The Apartheid Museum and the Robben Island Museum are world famous, but South Africa has much more to offer to museums, both in terms of history, culture and art.
The Castle of Good Hope
When Jan van Riebeeck went ashore in 1652, a VOC fort made of wood and clay was built. Between 1666 and 1679 it was replaced by this castle that was also built by the VOC. It is the oldest building in South Africa. In the castle you will find a military museum, a collection of art and furniture from the VOC era, foundations of a bakery and swimming pool (discovered during restoration of the castle), restaurant, ballroom, torture room and the dungeon.
District Six Museum
The District 6 was declared a “white area” by the apartheid regime in 1965. This meant that more than 60,000 people (about one-tenth of the population at the time) were forced to move to the bare Cape Flats. This lively part of Cape Town has become an important part in the history of Cape Town. A museum was dedicated to it in 1994. It shows how this expelled community lived. There are still people working in the museum who have experienced this time themselves and can still tell about it. It can be found on the edge of the then neighborhood in Cape Town.
Zeitz Museum of Contemporary Art Africa (Zeitz MOCCA)
The nine-storey Zeitz museum is the largest museum of contemporary art in South Africa. The historic grain silo has been converted into a versatile museum where the old function is still clearly visible. During your visit to this art museum, besides art, the structure and especially the cut-up silos is perhaps the most special art object!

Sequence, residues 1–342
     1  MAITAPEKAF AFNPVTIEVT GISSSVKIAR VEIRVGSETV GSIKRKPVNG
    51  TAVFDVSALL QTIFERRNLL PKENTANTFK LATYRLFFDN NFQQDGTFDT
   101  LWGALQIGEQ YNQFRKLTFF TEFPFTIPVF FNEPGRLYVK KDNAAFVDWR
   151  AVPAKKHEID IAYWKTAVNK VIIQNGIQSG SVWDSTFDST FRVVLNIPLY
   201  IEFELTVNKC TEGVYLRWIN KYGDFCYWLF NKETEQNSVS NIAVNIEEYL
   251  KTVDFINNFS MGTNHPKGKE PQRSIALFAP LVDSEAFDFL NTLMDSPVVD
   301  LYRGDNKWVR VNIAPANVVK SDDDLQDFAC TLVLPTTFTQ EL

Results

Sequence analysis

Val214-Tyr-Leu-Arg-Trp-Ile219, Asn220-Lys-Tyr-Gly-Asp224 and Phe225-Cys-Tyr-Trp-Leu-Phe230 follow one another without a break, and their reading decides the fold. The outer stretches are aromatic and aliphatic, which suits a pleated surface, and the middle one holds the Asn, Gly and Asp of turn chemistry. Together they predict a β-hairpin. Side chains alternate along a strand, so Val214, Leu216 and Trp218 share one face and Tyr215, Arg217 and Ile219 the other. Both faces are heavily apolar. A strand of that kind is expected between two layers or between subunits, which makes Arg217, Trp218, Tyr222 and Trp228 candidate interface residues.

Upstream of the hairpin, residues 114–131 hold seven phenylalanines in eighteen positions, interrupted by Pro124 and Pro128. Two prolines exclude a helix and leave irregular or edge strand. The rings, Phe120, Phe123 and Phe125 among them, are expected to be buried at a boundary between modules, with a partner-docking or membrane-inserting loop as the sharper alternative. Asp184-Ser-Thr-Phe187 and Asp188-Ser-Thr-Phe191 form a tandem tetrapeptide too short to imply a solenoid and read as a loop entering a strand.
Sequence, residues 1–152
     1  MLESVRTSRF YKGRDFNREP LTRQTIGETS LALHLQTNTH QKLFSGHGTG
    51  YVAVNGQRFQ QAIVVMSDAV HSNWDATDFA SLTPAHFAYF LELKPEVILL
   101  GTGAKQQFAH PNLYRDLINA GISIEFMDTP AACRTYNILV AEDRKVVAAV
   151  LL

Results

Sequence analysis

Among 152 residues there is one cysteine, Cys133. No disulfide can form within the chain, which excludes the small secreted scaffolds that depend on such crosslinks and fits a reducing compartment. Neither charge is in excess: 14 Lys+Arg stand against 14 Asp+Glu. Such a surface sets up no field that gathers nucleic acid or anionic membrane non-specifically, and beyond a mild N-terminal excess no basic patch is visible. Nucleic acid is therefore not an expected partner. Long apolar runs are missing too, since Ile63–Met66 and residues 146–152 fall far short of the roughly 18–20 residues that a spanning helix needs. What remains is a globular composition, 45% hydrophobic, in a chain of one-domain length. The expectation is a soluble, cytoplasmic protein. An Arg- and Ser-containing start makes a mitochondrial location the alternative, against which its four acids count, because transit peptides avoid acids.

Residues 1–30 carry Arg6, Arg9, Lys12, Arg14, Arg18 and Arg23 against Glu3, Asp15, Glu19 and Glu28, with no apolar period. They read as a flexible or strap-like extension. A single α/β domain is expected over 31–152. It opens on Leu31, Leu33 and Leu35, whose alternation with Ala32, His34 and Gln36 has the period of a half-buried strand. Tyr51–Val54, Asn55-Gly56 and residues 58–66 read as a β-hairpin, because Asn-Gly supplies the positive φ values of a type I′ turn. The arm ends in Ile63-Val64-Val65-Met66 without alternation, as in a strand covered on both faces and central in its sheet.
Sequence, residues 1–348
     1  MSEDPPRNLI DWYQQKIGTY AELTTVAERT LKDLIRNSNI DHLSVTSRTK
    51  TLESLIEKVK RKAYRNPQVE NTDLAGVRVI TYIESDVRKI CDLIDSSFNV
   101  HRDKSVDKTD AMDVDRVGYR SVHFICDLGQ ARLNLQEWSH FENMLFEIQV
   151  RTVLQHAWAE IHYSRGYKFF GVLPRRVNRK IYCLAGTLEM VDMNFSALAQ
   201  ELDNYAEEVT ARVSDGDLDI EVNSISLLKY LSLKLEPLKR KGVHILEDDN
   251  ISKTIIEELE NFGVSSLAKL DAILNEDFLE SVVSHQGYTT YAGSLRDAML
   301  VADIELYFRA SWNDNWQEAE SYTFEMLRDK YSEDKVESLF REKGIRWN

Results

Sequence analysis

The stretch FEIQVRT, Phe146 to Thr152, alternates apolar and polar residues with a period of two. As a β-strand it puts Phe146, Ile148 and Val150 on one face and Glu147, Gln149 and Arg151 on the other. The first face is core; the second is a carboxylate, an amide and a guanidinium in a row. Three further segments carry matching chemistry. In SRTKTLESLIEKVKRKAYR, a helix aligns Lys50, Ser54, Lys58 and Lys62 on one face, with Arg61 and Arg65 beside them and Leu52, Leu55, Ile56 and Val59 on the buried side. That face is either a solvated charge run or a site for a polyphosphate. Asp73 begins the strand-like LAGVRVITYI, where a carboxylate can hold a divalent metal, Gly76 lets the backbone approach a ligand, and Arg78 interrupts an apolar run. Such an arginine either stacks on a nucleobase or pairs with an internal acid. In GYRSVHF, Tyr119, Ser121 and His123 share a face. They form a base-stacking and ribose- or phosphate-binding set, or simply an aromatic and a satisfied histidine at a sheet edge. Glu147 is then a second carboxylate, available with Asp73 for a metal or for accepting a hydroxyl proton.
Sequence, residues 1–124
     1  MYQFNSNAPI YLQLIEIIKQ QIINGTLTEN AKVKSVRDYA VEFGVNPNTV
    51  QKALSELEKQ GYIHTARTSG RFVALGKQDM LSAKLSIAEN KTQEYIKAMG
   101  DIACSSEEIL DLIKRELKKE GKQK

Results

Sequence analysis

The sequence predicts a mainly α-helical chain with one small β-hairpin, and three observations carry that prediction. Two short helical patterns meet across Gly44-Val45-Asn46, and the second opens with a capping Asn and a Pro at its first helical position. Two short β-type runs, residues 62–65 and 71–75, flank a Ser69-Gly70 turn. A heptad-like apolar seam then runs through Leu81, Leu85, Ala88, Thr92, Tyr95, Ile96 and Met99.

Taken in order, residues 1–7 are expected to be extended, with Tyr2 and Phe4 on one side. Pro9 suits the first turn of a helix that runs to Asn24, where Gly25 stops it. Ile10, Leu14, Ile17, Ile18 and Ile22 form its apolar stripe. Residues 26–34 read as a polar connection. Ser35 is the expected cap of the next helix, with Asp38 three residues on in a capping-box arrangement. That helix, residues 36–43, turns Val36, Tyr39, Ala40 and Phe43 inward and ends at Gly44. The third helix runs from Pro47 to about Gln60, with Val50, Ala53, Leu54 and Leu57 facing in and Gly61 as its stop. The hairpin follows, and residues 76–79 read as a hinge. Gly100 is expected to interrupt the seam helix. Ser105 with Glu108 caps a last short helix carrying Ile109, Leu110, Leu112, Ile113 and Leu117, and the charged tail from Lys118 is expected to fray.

You can end your visit to the museum with a snack or drink in the Silo Rooftop Eatery where you have a spectacular view of Cape Town and Table Mountain.
The museum is built like a prison, including electric fence, bars and unplastered walls. Inspirational texts by Mandela have been painted on the walls. You get a realistic picture of the tough life as a black South African during apartheid.
Separate paths, separate benches and separate toilets. Film images show the violence and demonstrations against black South Africa. One will run over your back when you enter the room where there are 131 slings. A memory of all executed political prisoners.
Mthata and Qunu
Nelson Mandela Museum
In the largest and busiest place of the Transkei Mthata (or Umtata) you will find the Nelson Mandela Museum in the Bhunga building. Here you can learn everything about Madiba’s Long Walk to Freedom.
In the village of Qunu, where Mandela was born, there is a second part of the Museum. Qunu is also where, since his resignation as the first president of a democratic South Africa, Mandela lived in a house he had designed himself. The design was based on the home of the Victor Verster Prison in the Western Cape where he spent the last of the 27 years of his imprisonment. At this house there is also a museum and a visitor center (and the “skuifklip”, a large slippery rock that Mandela used as a child with his friends as a slide).Add to my travel plans